How to Grow Oregano

Oregano is a hardy herb that can be grown quite easily in a variety of climates. Exhibiting a robust scent and divine flavor, it is essential to any herb garden and spice rack. Here are some tips on how to grow oregano at home.

Oregano has many different varieties, some best for cooking, others best for their ornamental value. Besides offering diverse flavors, some may be more or less suitable for your local climate. Check with local growers to find out if there is a cultivar best for you area. Keep in mind that many store bought oreganos are actually blends of several different types.

Sow oregano seeds or transplant seedlings after the last frost of the season. Start seeds indoors 6-10 weeks early if necessary to get a head start on the growing season. Seeds germinate best in soil about 70° F.

Oregano can be grown outside in most any grow zone during summer or indoors year round. In grow zones 7 and colder it will need to be protected with mulch over the winter or brought indoors.

Plant in full sunlight, though a little afternoon shade may be beneficial in the hottest regions. Oregano is a great companion plant for most any vegetable as long as they are buried in shade.

Oregano grows well in containers. A pot as small as 6 inches will work but a bigger container will yield a bigger plant and more delicious leaves.

Oregano needs well-drained, loamy soil in order to flourish. It will tolerate any soil that drains easily, but the looser the better. Test the pH of the soil to be sure it’s about 6.0-7.0.

Start oregano from seeds. Sow seeds half an inch deep and 6 inches apart. Thin or transplant seedlings to 12 inches apart. They will spread about 18 inches and grow 1 foot tall.

You can also grow oregano from stem cuttings or transplants purchased at a reputable nursery. Use only fresh cuttings that are 3 inches long. Remove the bottom leaves and plant in moist sand. Once the roots become established, transplant the cutting outdoors or into a container.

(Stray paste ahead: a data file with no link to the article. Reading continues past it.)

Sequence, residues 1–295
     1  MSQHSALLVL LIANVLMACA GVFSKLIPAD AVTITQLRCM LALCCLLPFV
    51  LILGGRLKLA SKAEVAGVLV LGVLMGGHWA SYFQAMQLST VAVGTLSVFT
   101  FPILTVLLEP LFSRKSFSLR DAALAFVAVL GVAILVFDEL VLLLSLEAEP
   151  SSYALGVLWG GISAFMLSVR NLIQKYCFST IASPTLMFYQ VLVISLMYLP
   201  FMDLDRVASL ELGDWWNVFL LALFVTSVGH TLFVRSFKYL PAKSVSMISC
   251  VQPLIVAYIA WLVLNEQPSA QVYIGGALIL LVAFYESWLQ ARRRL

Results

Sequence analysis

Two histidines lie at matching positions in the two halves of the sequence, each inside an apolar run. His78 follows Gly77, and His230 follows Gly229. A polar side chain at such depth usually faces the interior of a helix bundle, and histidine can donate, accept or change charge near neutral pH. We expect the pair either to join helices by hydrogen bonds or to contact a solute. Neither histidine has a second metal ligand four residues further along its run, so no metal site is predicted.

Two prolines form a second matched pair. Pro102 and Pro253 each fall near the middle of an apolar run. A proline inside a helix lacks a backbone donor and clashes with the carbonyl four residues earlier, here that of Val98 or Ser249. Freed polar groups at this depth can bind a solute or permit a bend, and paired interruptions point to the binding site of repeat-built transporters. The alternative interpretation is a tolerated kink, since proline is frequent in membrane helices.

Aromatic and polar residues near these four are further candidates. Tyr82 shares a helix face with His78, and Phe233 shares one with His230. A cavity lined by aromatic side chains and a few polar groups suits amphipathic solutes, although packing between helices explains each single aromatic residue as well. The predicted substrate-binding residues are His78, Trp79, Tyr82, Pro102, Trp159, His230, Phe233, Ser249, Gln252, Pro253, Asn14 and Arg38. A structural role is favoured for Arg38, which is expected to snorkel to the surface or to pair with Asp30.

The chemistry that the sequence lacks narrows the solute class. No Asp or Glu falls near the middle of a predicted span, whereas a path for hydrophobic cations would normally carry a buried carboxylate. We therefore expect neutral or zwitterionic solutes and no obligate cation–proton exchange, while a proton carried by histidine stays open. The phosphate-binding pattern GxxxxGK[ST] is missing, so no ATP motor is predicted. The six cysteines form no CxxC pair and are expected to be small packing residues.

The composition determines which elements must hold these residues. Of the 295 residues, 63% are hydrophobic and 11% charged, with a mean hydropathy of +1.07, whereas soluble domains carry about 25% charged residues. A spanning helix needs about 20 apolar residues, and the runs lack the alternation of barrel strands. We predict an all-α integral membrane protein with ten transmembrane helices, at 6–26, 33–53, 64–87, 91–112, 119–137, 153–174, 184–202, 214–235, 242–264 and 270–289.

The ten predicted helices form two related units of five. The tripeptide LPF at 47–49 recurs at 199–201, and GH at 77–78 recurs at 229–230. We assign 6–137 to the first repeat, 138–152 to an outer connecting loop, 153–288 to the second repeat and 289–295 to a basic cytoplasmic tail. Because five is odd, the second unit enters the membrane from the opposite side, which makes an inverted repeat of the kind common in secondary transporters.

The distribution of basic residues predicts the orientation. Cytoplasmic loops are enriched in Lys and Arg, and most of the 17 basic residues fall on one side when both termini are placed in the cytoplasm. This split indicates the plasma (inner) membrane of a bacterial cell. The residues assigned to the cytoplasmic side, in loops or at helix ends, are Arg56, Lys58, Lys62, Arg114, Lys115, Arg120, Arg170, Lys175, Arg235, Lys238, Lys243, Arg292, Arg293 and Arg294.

Oregano tends to prefer drier soil than most herbs. Water when the soil becomes dry to the touch. Oregano likes an occasional good soaking as opposed to frequent, light watering. Container grown oregano will need more frequent watering but do not over water; never let the soil get soggy.

Oregano will need little to no feeding if planted in soil enriched with plenty of organic matter. In fact, too much fertilizer can negatively affect the taste. Container grown oregano may benefit from an occasional feeding of a liquid fertilizer or compost tea every 6 – 10 weeks during the growing season.

Use a stone mulch or light covered gravel spread around the base of the plants to help keep the soil surface dry.

Prune the branch tips frequently. This will allow for a bushier, less leggy plant. Pick off brown or spotted leaves. Pinch off flower buds to improve the flavor of the leaves.

Aphids and spider mites can be a problem but you can usually just blast them off with a hose. Liquid soap sprays can also help. Be sure to rinse the soap off after spraying and allowing to dry.

Harvest leaves as needed. Oregano is most flavorful just before the flowers bloom. Be sure not to harvest more than 1/3 of the leaves at a time. Unlike many other herbs, oregano leaves taste better (stronger) dried than fresh.

Too much humidity, excess rain, and moisture in the soil can lead to root rot and kill your oregano. Plant in raised beds to encourage good drainage. Give them extra space to breathe in humid areas.

Oregano gets woody after a few years. Start new plants every 2-4 years.

Do you have tips on how to grow oregano? Let us know in the comments section below.

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